Not getting enough sleep at night can disrupt our physical and mental well-being, but now researchers are saying that sleep deprivation is taking a toll on the global economy too. Multiple factors are associated with having shorter sleep, such as being obese, drinking, smoking, not exercising, working irregular hours, and being stressed. Since more than 30% of American adults are not getting enough sleep on a regular basis, the CDC has declared insufficient sleep a public health problem. However, having insufficient sleep is not exclusively a US problem; it equally concerns other countries.
Sleep deprivation is linked to lower productivity at work, which results in a significant amount of working days being lost each year. According to a study by RAND Europe, 1.2M working days are lost in the US every year with costs equating to 2.28% of the country's GDP. This is followed by Japan, which loses ~600,000 working days per year; the UK and Germany lose over 200,000 working days; and Canada loses ~80,000 working days.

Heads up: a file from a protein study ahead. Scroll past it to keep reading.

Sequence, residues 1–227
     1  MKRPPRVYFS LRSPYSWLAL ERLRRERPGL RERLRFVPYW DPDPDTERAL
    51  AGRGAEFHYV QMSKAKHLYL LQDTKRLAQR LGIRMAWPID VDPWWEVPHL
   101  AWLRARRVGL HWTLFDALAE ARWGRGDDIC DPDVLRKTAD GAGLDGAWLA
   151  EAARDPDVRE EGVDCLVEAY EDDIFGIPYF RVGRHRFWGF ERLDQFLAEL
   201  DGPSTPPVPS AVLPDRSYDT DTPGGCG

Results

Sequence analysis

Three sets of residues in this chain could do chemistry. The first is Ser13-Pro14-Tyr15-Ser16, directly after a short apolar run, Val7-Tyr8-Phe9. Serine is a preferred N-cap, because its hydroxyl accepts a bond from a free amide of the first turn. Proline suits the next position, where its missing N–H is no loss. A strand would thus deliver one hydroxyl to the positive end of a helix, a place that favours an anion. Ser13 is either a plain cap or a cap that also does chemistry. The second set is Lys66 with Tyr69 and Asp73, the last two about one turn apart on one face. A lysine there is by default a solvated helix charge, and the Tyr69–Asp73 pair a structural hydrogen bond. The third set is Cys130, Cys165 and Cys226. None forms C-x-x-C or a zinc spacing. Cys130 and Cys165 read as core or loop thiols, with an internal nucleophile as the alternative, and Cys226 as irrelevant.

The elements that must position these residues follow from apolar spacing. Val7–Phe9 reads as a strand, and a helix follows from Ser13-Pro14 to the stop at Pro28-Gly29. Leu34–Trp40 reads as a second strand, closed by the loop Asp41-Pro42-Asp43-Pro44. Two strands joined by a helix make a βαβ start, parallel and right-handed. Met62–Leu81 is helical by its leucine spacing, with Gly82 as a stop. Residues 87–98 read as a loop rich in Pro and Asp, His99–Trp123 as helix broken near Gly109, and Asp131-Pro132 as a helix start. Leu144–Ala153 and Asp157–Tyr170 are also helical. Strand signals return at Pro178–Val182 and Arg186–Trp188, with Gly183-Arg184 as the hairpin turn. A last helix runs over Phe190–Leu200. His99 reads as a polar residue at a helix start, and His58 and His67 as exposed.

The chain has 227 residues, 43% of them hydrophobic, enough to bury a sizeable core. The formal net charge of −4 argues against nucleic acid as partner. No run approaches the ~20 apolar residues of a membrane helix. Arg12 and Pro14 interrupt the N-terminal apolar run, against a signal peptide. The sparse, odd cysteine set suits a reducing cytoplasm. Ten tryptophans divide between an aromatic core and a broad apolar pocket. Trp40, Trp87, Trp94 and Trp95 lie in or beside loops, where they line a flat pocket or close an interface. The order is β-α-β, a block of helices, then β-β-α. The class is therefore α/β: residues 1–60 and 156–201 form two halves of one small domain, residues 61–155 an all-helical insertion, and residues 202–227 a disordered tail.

The US economy suffers the biggest impact by losing ~$411B annually due to having tired or absent employees. Japan loses $138B or 2.92% of its GDP, Germany loses $60B or 1.56% of its GDP, and the UK loses $50B or 1.86% of its GDP. Canada has the lowest financial losses due to lack of sleep–$21.4B, which is 1.35% of its GDP. The total cost of sleep deprivation for these four economies is $680B per year.
Sleep deprivation has far-reaching and expensive economic consequences because of the potential adverse effects of insufficient sleep on productivity. However, efforts to quantify the economic effects of sleep deprivation have been limited thus far. If people that slept under 6 hours started sleeping 6-7 hours then this could add $226.4B to the US, $75.7B to Japan, $34.1B to Germany, $29.9B to the UK, and $12B to the Canada.
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